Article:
Invisible Join: How To Finish Crochet In The Round

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The invisible join is a technique that cleanly joins your crochet projects. The standard slip stitch join works great. So why do we want to learn how to join invisibly?

Well for some projects the slip stitch breaks the line of stitches. But, joining has to be done when crocheting in the round. What choice do we have?

That’s where the invisible join comes in. This method of bringing the last stitch of a crochet round together with the first stitch, called joining, leaves no trace. It’s invisible!

To create an invisible join we will use a yarn needle to make a faux stitch. This fake stitch looks just like your other stitches. Truly, it’s so hard to find the join once you make it.

What types of crochet patterns benefit from the invisible join?

The short answer is any crochet pattern where the seam is going to be visible. We want the beauty of your stitches to jump out, not your joins!

The cup cozy I use in this tutorial is a good example. It is wrapped around a cup so someone will be able to see it from all angles.

Another great pattern to use this join in is when adding a border in the round. This could be on a cardigan, a blanket or a hat.

These are just a few ideas that come to mind. What crochet pattern have you made lately that has a high visibility going?

Crochet patterns that recommend an invisible join:

In the sleeves for my Spring Crochet Cardigan I recommend an invisible join. There’s a pretty sleeve cuff detail so the eye is drawn to it.

On the neckline of the Men’s Simple Striped Sweater the invisible join creates a perfect finish.

The Backcountry Beanie crochet pattern has a round of single crochets around the brim. The invisible join works so well here.

There are plenty more places to use this joining technique. These little touches make your handmade crochet more polished. Personally, I feel these are the skills that set your work above the rest.



  1. The invisible join is a replacement for joining with a slip stitch.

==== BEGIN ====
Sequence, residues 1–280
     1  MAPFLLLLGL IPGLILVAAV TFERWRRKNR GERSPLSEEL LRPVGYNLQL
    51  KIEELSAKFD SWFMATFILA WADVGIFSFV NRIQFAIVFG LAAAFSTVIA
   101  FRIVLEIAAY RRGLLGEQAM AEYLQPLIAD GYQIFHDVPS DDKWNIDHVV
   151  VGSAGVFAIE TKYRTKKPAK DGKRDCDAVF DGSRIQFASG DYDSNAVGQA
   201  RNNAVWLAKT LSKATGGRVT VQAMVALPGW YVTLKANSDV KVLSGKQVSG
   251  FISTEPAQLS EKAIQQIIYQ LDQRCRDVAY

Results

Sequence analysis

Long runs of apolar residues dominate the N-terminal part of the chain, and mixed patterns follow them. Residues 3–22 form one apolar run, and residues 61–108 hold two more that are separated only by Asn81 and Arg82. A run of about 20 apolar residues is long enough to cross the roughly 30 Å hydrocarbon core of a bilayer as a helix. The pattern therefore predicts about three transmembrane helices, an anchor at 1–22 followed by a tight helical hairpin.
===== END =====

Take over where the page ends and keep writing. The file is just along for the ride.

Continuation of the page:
Crochet with a no show join no slip stitch.

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Invisible Join Crochet Tutorial

Yield: 1
Prep Time: 10 minutes
Active Time: 30 minutes
Additional Time: 10 minutes
Total Time: 16 minutes
Difficulty: Easy
Estimated Cost: $1

Learn how to finish off your crochet projects with the beautiful invisible join.


  • finished crochet project that was worked in the round


  • yarn needle and scissors


  1. Once you have crocheted the last stitch of the round, do not join with a slip stitch, stop here. picture of last stitch invisible join
  2. Cut your yarn, leaving a long enough tail to weave in, at least 6" will work. Now pull the tail through the last stitch. picture of pull yarn through last stitch
  3. Thread yarn needle with tail, then insert it under the top two loops of the first stitch made (the stitch you would normally slip stitch to when finishing). picture of yarn needle under stitch
  4. Gently pull tail through this stitch, bringing the last and first stitches together.picture of yarn through for invisible join
  5. Now insert the needle into the top of the last stitch (the last one you crocheted and where you pulled the yarn thorugh from step 2). picture of invisible join with yarn needle
  6. Continue working the needle down through the post of the stitch. picture of needle going down into stitch picture of inside of stitch for invisible join
  7. This is what it looks like now, can you even see it? picture of crochet join without slip stitch Here it is again, we've made a faux stitch. picture with arrow pointing invisible join
  8. Now weave in your tail like normal, be sure not to pull it too tight. picture of finished join


There's nothing wrong with a slip stitch join-I use it all the time. But sometimes your project can really benefit from a seamless finish!

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Did you make this project?

Please leave a comment on the blog or share a photo on Instagram

What are your favorite crochet in the round projects to make? Hats are a given, I think. I love crochet cowls too.

This Toasted Marshmallow Infinity Scarf from Toni at tlycblog.com is amazing! I love the squishy superbulky yarn for cowls.

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